Since you have heard about Jesus and have learned the truth that comes from him, throw off your old sinful nature and your former way of life, which is corrupted by lust and deception. Instead, let the Spirit renew your thoughts and attitudes. Put on your new nature, created to be like God—truly righteous and holy.
So stop telling lies. Let us tell our neighbors the truth, for we are all parts of the same body. And “don’t sin by letting anger control you.” Don’t let the sun go down while you are still angry, for anger gives a foothold to the devil.
If you are a thief, quit stealing. Instead, use your hands for good hard work, and then give generously to others in need. Don’t use foul or abusive language. Let everything you say be good and helpful, so that your words will be an encouragement to those who hear them.
And do not bring sorrow to God’s Holy Spirit by the way you live. Remember, he has identified you as his own, guaranteeing that you will be saved on the day of redemption.
Get rid of all bitterness, rage, anger, harsh words, and slander, as well as all types of evil behavior. Instead, be kind to each other, tenderhearted, forgiving one another, just as God through Christ has forgiven you.
Imitate God, therefore, in everything you do, because you are his dear children. Live a life filled with love, following the example of Christ. He loved us and offered himself as a sacrifice for us, a pleasing aroma to God. - Ephesians 4:21-5:2
When I am with close friends, I usually don’t have to filter what I am going to say or plan how to say it. Even so, the people I know the best also have sensitive issues or areas in which I choose to be more careful with what I say and how I say it. There are times when I do not behave the way I should simply because I am comfortable. I’ve hurt other people because of that. So when I am more aware of those around me and thinking less of myself, I filter my conversations and actions.
In ministry, this is something that I refer to as being “on.” Other professions and other people experience similar things. For some people, being on means that they hide their true thoughts, their real feelings, who they really are. For the past few decades this kind of attitude and approach to life has led many a hurt individual to desire and expect authenticity from others, especially leaders. But this is not what I mean when I think of being on. I make every effort to be genuine, authentic, and consistent in every area of my life all the time. I try to be the same person when I write as I am when I preach as I am when I am at home with my family. This doesn’t mean that I’m always as well behaved in private as I am in public, but that I am honest in public about my private choices, failures, and weaknesses. (I don’t do this completely as there are still parts of my life that I hide, areas that I am ashamed of.)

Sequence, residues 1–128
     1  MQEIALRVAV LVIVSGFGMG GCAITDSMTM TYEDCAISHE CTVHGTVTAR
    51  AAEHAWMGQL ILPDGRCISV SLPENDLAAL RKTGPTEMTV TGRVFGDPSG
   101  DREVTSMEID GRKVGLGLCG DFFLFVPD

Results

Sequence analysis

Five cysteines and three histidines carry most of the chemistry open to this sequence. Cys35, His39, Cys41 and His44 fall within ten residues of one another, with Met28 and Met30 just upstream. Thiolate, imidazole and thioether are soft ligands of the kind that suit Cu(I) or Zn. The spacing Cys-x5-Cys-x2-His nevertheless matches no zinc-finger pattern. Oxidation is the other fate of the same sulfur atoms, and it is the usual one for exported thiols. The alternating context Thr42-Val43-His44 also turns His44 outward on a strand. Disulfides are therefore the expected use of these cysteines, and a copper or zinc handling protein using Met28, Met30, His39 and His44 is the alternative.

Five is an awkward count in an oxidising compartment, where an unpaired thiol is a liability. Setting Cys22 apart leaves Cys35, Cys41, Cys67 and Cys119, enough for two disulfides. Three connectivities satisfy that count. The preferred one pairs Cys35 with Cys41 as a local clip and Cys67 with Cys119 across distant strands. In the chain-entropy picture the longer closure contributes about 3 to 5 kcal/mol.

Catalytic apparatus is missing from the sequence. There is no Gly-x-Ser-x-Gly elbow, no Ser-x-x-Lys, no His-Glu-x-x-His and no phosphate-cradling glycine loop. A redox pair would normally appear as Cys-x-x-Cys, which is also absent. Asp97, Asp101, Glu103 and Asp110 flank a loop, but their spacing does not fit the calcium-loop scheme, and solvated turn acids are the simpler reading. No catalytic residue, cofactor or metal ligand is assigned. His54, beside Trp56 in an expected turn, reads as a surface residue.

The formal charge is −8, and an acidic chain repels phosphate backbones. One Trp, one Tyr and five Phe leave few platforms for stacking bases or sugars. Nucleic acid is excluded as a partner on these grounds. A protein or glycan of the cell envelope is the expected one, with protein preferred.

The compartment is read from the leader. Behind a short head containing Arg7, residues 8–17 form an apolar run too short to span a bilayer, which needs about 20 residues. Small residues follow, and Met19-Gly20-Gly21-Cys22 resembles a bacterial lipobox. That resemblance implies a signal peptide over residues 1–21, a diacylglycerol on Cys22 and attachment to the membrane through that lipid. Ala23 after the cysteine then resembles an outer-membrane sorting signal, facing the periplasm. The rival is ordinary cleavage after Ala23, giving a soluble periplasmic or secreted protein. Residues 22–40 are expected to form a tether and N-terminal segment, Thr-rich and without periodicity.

So what does it mean to be “on?”
Recently I was approached by an active member in the congregation that I serve who told me that they were hurt, as was a friend of theirs, by my inaction or failure to strike up a conversation with the friend. First I must say that this member approached me very well (at a good time, in the right way, and with the right attitude). I listened. I asked clarifying questions. I asked for help. I committed to working on my end toward connecting.
It means that I produce smiles when I don’t have the energy to smile, or sympathy for their situation when I just feel like wallowing in self-pity… or when I don’t feel much of anything. It means actively listening (hearing, waiting, thinking, clarifying, probing) when I just want to spew my solutions or my own ideas. Sometimes it means keeping my mouth shut altogether, especially when I want to make excuses. It means praying for others, not about them. It means confronting others instead of letting the problems work themselves out. It means talking with anybody and everybody instead of sitting in my own little introspective world.
All of this is not to show others that I am perfect, that I am somebody I am not. Not to show them that I have it all together or that I know all the answers. I do this to love others as Christ has loved me, with genuine devotion and preference in honor. I do this to help when people are in need and to be hospitable at all times. I do this to rejoice with those who rejoice and mourn with those who mourn. And when somebody comes against me, hurts me, or even hates me? I do these things so that I can be a blessing to them, do good to and for them. I do this so that I can live in peace with everyone. None of this is easy for me. I have to work at it. Very hard.
This continued hard work is draining on me. My temptation is to seek out moments when I can live unfiltered, where I can say what I want, when I want, how I want. Where I don’t have to constantly evaluate my interactions and my relationships. I am tempted, but I don’t want that. When I am able to live unfiltered, I want it to be because Christ has so transformed my life that others see Him in me. Until then, He is my filter.